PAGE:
Outcomes of One Anastomosis Gastric Bypass in the IFSO Middle East North Africa (MENA) Region

  • Ashraf HaddadEmail author
  • Mathias Fobi
  • Ahmad Bashir
  • Mohamed Al Hadad
  • Mohamad Hayssam ElFawal
  • Basem Safadi
  • Osama Taha
  • Mohamed Abouzeid
  • Aayed Alqahtani
  • Abdelrahman Nimeri
Original Contributions



Since it was first described in 2001, the one anastomosis gastric bypass (OAGB) has been gaining popularity in the Middle East region and worldwide. We designed a survey to evaluate the trends, techniques, and outcomes of OAGB in our region.


A questionnaire to study OAGB was sent to the members of the IFSO MENA chapter.


One-hundred and forty-eight surgeons (74%) responded. Forty-six percent of all respondents (64 surgeons) performed OAGB routinely. The most commonly performed procedures were the laparoscopic sleeve gastrostomy (LSG), followed by OAGB, and then Roux-en-Y (RYGB). Of the surgeons who responded, 65% did not perform routine pre-operative endoscopy. Seventy-two percent believed that OAGB produces better weight loss than the LSG while 58% did not believe it produced better results to RYGB. The most common length of biliopancreatic limb utilized was 200 cm, and 72% of surgeons did not measure the total length of the small bowel. Fifty percent of the surgeons offered OAGB as a treatment for acid reflux and 33% offered it to active smokers. Early complications included leak (< 1%), venous thromboembolism (< 1%), and mortality (< 0.5%) in most centers. Leaks were managed conservatively (23%), by conversion to RYGB (20%), reinforcing the anastomosis (19%), reversal to normal anatomy (6%), and others (32%). Of the total surgeons, 41% reported revising at least one patient for malnutrition and steatorrhea, and 32% reported revising at least one patient for sever bile reflux.


OAGB is a commonly performed and safe procedure in the MENA region. Malnutrition and bile reflux requiring surgical intervention are serious long-term concerns.


One anastomosis gastric bypass MENA RYGB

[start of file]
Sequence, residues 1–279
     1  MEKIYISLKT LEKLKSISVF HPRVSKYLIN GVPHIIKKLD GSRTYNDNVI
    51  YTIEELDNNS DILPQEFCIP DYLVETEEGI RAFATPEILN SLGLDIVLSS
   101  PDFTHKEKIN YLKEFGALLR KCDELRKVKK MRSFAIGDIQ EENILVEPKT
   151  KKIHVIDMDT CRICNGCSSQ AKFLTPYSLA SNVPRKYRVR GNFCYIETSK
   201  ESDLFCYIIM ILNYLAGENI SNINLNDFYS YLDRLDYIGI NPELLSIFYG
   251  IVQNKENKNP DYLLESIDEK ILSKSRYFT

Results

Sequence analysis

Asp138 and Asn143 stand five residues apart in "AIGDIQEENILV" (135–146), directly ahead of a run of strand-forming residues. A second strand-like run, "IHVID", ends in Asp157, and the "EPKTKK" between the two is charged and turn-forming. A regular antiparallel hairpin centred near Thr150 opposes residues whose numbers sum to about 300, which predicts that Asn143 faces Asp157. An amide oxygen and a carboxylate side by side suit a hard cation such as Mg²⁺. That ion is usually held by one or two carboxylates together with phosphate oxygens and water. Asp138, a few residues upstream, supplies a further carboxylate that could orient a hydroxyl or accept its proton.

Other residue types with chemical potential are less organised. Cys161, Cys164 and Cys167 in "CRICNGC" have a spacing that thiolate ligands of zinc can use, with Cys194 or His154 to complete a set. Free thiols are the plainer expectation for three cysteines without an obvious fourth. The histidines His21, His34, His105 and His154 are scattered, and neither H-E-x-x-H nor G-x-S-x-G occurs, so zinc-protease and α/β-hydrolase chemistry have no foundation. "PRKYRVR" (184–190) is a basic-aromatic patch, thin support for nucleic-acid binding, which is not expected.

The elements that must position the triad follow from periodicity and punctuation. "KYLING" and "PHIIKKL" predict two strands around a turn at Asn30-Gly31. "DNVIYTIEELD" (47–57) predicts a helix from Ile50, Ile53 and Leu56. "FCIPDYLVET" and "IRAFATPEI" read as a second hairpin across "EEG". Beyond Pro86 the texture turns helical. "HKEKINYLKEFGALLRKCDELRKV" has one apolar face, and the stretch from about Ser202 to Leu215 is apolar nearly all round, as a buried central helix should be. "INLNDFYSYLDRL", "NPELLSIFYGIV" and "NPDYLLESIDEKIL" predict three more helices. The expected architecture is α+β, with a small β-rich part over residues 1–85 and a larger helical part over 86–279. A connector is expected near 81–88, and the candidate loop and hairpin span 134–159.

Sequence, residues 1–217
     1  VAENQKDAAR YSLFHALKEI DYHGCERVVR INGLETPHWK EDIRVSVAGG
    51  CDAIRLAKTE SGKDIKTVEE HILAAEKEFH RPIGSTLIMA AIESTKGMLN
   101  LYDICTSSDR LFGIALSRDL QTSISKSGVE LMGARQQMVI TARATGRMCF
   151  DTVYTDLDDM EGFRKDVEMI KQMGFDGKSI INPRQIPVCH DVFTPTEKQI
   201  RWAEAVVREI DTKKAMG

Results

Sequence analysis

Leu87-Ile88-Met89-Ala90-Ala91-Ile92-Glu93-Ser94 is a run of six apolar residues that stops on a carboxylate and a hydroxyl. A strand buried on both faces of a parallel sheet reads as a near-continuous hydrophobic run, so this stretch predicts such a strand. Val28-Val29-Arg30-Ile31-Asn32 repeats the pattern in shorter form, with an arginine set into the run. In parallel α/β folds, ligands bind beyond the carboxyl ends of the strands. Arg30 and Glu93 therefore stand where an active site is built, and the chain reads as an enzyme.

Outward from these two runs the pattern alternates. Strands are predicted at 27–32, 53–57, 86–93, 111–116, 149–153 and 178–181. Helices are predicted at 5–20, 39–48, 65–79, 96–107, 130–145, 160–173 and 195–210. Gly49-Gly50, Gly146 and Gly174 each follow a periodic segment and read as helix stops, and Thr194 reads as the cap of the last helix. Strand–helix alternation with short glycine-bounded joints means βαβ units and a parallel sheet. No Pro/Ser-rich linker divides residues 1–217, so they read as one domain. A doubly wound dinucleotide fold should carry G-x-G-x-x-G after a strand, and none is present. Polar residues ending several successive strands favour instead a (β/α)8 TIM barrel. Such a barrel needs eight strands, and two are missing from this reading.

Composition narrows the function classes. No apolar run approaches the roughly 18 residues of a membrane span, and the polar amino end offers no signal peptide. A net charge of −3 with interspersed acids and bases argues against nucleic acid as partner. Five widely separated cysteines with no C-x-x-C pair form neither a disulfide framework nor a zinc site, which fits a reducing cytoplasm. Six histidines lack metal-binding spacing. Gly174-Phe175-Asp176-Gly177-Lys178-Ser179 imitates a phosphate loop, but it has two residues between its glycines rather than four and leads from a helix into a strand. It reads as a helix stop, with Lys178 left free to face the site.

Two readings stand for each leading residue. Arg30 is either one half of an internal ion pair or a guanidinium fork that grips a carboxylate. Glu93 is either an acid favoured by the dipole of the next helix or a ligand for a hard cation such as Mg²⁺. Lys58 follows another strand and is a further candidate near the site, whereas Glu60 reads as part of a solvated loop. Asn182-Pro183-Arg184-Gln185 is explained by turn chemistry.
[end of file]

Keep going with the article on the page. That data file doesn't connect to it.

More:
Compliance with Ethical Standards

Conflict of Interest

The authors declare that they have no conflict of interests.


For this type of study formal consent is not required.


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Copyright information

© Springer Science+Business Media, LLC, part of Springer Nature 2019

Authors and Affiliations

  • Ashraf Haddad
    • 1
    Email author
  • Mathias Fobi
    • 2
  • Ahmad Bashir
    • 1
  • Mohamed Al Hadad
    • 3
  • Mohamad Hayssam ElFawal
    • 4
  • Basem Safadi
    • 5
  • Osama Taha
    • 6
  • Mohamed Abouzeid
    • 7
  • Aayed Alqahtani
    • 8
  • Abdelrahman Nimeri
    • 9
  1. 1.Minimally Invasive and Bariatric SurgeryGastrointestinal Bariatric and Metabolic Center (GBMC)-Jordan HospitalAmmanJordan
  2. 2.Mohak Bariatric and Robotics, SAIMS CampusIndoreIndia
  3. 3.Bariatric SurgeryHealthpoint HospitalAbu DhabiUnited Arab Emirates
  4. 4.Bariatric Surgery Clinic “BSC,” Bariatric and Metabolic UnitMakassed General Hospital BeirutBeirutLebanon
  5. 5.Department of Surgery, Gilbert and Rose-Marie Chagoury School of MedicineLebanese American UniversityBeirutLebanon
  6. 6.Bariatric and General SurgeryAssiut UniversityAssiutEgypt
  7. 7.General Surgery DepartmentAin Shams UniversityCairoEgypt
  8. 8.New You Medical CenterRiyadhSaudi Arabia
  9. 9.Carolinas Bariatic/MIS Fellowship ProgramCarolinas Weight Management, Carolinas Medical CenterCharlotteUSA

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